The War Report Vol. 8, April 17, 2017

The War Report Vol. 8, April 17, 2017

Welcome to The War Report, your Monday morning roundup of articles by James Drew, defense editor at Aviation Week & Space Technology.

Send your questions, comments, corrections or news tips to For an immediate response, call +1 (202) 704-8852 or +1 (267) 475-5072. For personal correspondence, email

Not an Aviation Week subscriber? Click here for a list of products and prices. You can view a list of my recent stories here.


Aurora Pitching Armed UAV For Marines

The odd-looking hybrid electric UAV that Aurora Flight Sciences is building for Darpa could be weaponized and adapted for the U.S. Marine Corps’ “MUX” mission. The Manassas, Virginia-based aerospace firm floated concept artwork of its XV-24A LightningStrike flying with weapons alongside Marine Bell-Boing MV-22s during the Navy League’s Sea-Air-Space exposition at National Harbor in Maryland on April 4…

1V6A6273 Bell Helicopter

Bell To Test 407-Class FC-X Anti-torque System

Bell Helicopter’s FC-X mockup concept demonstrator is proving to be more than just a talking point. The company’s innovations team in Fort Worth is preparing to demonstrate a full-scale Bell 407/429-class cross-flow fan anti-torque system and hopes to switch it on this summer. A thrust-vectoring electric-driven fan embedded in the tail boom could someday replace traditional tail rotors on certain commercial and military helicopters, providing greater lateral and pitch control as well as improved safety and lower noise emissions…

Aviation Week Image from Aurora

Can Aurora Orion UAV Extend Trump Border Wall Over Water? 

President Donald Trump’s proposed  “great, great wall” along the 2,000-mi. U.S. border with Mexico could breathe new life into Aurora Flight Sciences’ “ultra-endurance” Orion UAV program. Conceived as a fixed-wing alternative to airships for surveillance and communications relay missions, a lone prototype was developed and flight-tested under supervision of the U.S. Air Force’s Big Safari special projects office. Designed to fly for five days carrying a 1,000-lb. payload, Orion broke endurance records on Dec. 8, 2014, when it flew for more than 80 hr. at Naval Air Weapons Station China Lake, California, and landed with 37 hr.-worth of fuel unspent…

Center Fuselage Rebuild Could Be F-15C/D Achilles’ Heel

The F-15C may still have an undefeated aerial combat record, but the 38-year-old aircraft could be slated for retirement if the U.S. Air Force decides not to fund a major structural life-extension program. Air Combat Command (ACC) chief Gen. Mike Holmes says it could cost $30-40 million per aircraft to keep the Eagle soaring beyond the late 2020s, including rebuilding the center fuselage section, among other refurbishments. “We’re probably not going to do that,” he tells Aviation Week. The better answer, he says, is to rapidly begin buying more fighter aircraft, at least 100 per year…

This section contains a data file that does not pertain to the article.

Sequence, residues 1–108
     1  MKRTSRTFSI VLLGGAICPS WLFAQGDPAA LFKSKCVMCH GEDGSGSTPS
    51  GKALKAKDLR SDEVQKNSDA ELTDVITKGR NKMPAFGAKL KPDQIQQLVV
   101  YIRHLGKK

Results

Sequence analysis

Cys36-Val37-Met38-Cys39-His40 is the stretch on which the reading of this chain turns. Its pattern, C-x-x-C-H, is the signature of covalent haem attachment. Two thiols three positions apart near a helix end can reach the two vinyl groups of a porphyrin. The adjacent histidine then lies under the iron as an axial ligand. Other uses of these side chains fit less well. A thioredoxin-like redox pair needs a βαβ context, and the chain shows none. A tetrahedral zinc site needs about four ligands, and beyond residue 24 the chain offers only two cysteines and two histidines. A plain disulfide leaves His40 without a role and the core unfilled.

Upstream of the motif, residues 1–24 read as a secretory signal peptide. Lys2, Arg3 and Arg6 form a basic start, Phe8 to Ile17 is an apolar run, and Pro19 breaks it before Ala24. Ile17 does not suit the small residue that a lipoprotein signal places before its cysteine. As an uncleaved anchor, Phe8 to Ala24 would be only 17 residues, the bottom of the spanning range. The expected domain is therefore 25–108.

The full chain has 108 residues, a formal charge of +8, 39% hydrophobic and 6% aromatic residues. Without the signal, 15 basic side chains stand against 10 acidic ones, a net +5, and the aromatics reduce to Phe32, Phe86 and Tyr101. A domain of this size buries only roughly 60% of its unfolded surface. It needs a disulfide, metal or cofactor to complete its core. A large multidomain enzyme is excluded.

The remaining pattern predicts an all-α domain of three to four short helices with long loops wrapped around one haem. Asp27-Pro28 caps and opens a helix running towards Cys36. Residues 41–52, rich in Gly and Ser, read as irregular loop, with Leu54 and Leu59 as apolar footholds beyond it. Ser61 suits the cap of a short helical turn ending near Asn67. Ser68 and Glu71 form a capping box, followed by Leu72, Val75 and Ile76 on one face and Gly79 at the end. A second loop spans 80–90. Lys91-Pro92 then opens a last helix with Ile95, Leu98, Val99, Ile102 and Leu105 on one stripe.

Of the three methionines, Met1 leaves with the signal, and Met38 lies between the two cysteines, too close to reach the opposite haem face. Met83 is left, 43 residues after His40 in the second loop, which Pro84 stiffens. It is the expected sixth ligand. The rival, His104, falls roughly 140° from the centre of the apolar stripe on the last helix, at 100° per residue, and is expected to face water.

MH-60R Lockheed Martin

MH-60 Midlife Upgrade Includes New Blades, Engine Changes

The midlife upgrade being planned for the U.S. Navy MH-60 “Sierra” and “Romeo” Sea Hawk fleets will include new rotor blades and an engine component improvement effort to boost speed, range and lifting capacity. Capt. Craig Grubb, head of the Navy’s H-60 multimission helicopters program office (PMA-299), says demands for greater range by the Seventh Fleet in the Pacific coupled with weight growth will require significant power and lift improvements. The smartest time to modify the helicopter’s blades and engines changes will be during the upcoming structural life extension and midlife upgrade programs, planned for the mid-2020s…


Tomahawk Strikes Again, This Time Eroding Syrian Airpower

Raytheon’s long-serving Tomahawk cruise missile has been America’s weapon of choice for Day One of a conflict for almost three decades. The U.S. launched large numbers of Tomahawks in the opening salvo of the 1991 Gulf War, the 2003 invasion of Iraq and the 2011 Libya campaign. The latest bombardment, of a Syrian airbase in response to the deadly April 4 chemical weapons attack on the town of Khan Shaykhun, highlights the continued relevance of the Cold War-era Tomahawk…

Tomahawks Pummel Syrian Airfield

The U.S. Navy under orders from President Donald Trump has launched the largest single Tomahawk cruise missile bombardment since strikes on Libya in 2011. Two guided-missile destroyers positioned in the eastern Mediterranean Sea fired 59 Raytheon-built Tomahawks against Syria’s Shayrat airfield at 8:40 p.m. EDT April 6 in retaliation for the Syrian military’s use of nerve agents in the town of Khan Shaykhun on April 4, which killed dozens of rebels and civilians, including children…

Pentagon Says All 59 Tomahawks Hit Syrian Targets

Pentagon officials say all 59 Raytheon-built Tomahawk Land Attack Missiles fired against a Syria’s Shayrat airfield on April 7 reached their intended targets and the 60th was waved off. One missile failed, but another was launched in its place. A surface-to-air missile site, radar and about 20 aircraft plus various ammunition bunkers and suspected chemical weapon storage facilities were damaged or destroyed in the attack…


Tomahawk Milestones

1984: Tomahawk Land Attack Missile Block II initial operational capability (IOC)…


Top U.S. General Backs Navy’s Pursuit Of Tomahawk Successor